On this Day August 12

Musical Milestones

1960 – The Silver Beatles become The Beatles, and on this day, the newly renamed band hires Pete Best as drummer. Two years later, he is fired and replaced by Ringo Starr.

1964 – The Beatles’ first film, “A Hard Day’s Night,” opens in 500 U.S. theaters to rave reviews.

1966 – The Beatles’ final U.S. tour begins with two performances at the International Amphitheatre in Chicago. During a pre-show press conference, reporters challenge John Lennon to explain his recent boast that The Beatles were more popular than Jesus Christ.

1967 – The Doors close out three weeks on top of the Billboard Hot 100 with “Light My Fire.” About a month later, the band performs the song before a national audience on “The Ed Sullivan Show.”

1978 – “Three Times a Lady,” by the Commodores featuring Lionel Richie, is the No. 1 single.

1985 – Japanese singer-actor Kyu Sakamoto is killed at the age of 43 in the crash of a Japan Airlines jetliner outside Tokyo. Sakamoto was the first Asian recording artist to have a No. 1 hit in the U.S.: “Sukiyaki” in June of 1963, which sold more than 13 million copies worldwide.

1995 – TLC is in the midst of a seven-week domination of the singles chart with “Waterfalls.”

2000 – “Incomplete,” by Sisqó, begins a two-week run on top of the Billboard Hot 100.

2009 – Legendary guitarist Les Paul dies of pneumonia at age 94. Paul designed one of the first solid-body electric guitars, which went on sale in 1952 and was “instrumental” in the development of rock ‘n roll. He also pioneered other recording innovations such as multi-track recording and overdubbing.

History Highlights

30 B.C. – Cleopatra, queen of Egypt and lover of Julius Caesar and Mark Antony, takes her life following the defeat of her forces against Octavian, the future first emperor of Rome.

1851 – Business tycoon Isaac Merritt Singer patents the sewing machine.

1939 – “The Wizard of Oz,” starring Judy Garland and featuring words and music by E.Y. “Yip” Harburg and Harold Arlen, makes its world premiere at the Strand Theatre in Oconomowoc, Wisconsin.

1963 – The first 1964 Ford Thunderbird rolls off a Detroit assembly line. 

1977 – Space Shuttle Enterprise passes a critical test as it separates from the top of a 747 for its first free flight and makes a smooth landing in the Mojave Desert. 

1981 – IBM takes the wraps off the first personal computer (the IBM 5150) with a price tag starting at $1,565. That includes the system unit, a keyboard and color/graphics capability. It costs more for options including a display, a printer, two diskette drives, extra memory, a game adapter and application packages — including one for text processing. 

1990 – Digging on a cliff near Faith, South Dakota, paleontologist Susan Hendrickson unearths three huge bones that turn out to be part of the largest Tyrannosaurus Rex skeleton ever discovered — a 67 million-year-old specimen dubbed Sue, after its discoverer.

2014 – Lauren Bacall, the smoky-voiced movie legend who taught Humphrey Bogart how to whistle in “To Have and Have Not,” dies at the age of 89. Bacall made more than 40 films during a 70-year career, including “The Big Sleep,” “How to Marry a Millionaire” and “The Mirror Has Two Faces.”

Own a Piece of This Day

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A Hard Day's Night

The Beatles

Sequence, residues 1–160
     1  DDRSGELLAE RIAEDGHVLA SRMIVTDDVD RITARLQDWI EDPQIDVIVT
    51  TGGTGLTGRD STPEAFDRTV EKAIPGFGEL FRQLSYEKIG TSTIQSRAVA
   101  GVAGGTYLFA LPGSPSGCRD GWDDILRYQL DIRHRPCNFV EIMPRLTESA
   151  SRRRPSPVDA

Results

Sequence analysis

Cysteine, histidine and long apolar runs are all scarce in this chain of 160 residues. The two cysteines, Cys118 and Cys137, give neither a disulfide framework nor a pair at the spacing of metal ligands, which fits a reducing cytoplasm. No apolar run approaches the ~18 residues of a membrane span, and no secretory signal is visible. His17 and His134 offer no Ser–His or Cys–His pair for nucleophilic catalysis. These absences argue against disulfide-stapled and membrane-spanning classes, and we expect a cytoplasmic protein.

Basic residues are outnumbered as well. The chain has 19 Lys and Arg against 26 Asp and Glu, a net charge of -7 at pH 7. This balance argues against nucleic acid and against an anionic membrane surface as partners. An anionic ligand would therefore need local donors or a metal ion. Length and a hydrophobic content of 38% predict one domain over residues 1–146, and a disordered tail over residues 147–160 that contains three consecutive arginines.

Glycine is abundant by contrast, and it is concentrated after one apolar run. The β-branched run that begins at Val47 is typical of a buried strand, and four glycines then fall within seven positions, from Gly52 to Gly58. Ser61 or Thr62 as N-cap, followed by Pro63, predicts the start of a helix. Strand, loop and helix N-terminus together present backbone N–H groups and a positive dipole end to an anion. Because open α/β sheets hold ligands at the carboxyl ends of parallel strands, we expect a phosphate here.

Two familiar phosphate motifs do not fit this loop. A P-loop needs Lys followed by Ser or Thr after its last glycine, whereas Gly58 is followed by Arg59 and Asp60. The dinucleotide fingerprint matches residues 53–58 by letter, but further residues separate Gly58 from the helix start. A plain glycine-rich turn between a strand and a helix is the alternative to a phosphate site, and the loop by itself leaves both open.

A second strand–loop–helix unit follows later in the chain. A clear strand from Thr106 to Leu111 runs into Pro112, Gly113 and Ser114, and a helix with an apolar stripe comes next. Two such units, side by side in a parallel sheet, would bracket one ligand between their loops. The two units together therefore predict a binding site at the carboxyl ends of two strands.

The Definitive Collection

The Commodores

Singer and the Sewing Machine: A Capitalist Romance

Ruth Brandon

Father, Son & Co.: My Life at IBM and Beyond

Thomas J. Watson, Jr. and Peter Petre

Adventures in the Screen Trade

William Goldman

Neck and Neck

Mark Knopfler and Chet Atkins

On this Day August 7

History Highlights

1782 – General George Washington, commander in chief of the Continental Army, creates the “Badge for Military Merit” — a decoration for valor consisting of a purple, heart-shaped piece of silk with the word “Merit” stitched across the face. Only three soldiers were awarded the badge before it fell into disuse. It was revived in 1932 as the Purple Heart, consisting of a bust of Washington below a coat of arms.

1959 – The sheaves of wheat image on the U.S. penny is replaced with the Lincoln Memorial. 

1959 – NASA launches the Explorer 6 satellite to study trapped radiation, galactic cosmic rays and geomagnetism in the upper atmosphere. It is the first spacecraft to transmit images of Earth from orbit.

1972 – Yogi Berra, Sandy Koufax, Lefty Gomez and Early Wynn are inducted into the National Baseball Hall of Fame in Cooperstown, New York. 

1974 – After six years of planning and preparation, French high-wire artist Philippe Petit walks a tightrope a quarter mile above the streets of Manhattan between the World Trade Center towers.

1990 – President George H. W. Bush orders the launch of Operation Desert Shield in response to Iraq’s invasion of Kuwait on August 2. The order prepares American troops to join an international coalition in the war against Iraq that would be launched as Operation Desert Storm in January 1991.

2005 – Longtime ABC News anchor and reporter Peter Jennings loses his battle with cancer at the age of 67.

2005 – The seven-person crew of a small Russian submarine (Priz) is rescued by an unmanned British submersible that freed the sub after its propellers became entangled in fishing nets deep in Pacific waters.

Own a Piece of This Day

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Timeless: The All-Time Greatest Hits

Bee Gees

Mirage (Deluxe Edition)

Fleetwood Mac

The Hall: A Celebration of Baseball's Greats

National Baseball Hall of Fame and Museum

Man on Wire

Philippe Petit

Ralph Bunche: An American Odyssey

Brian Urquhart

North Country

Starring Charlize TheronFrances McDormand andSean Bean, and directed by Niko Caro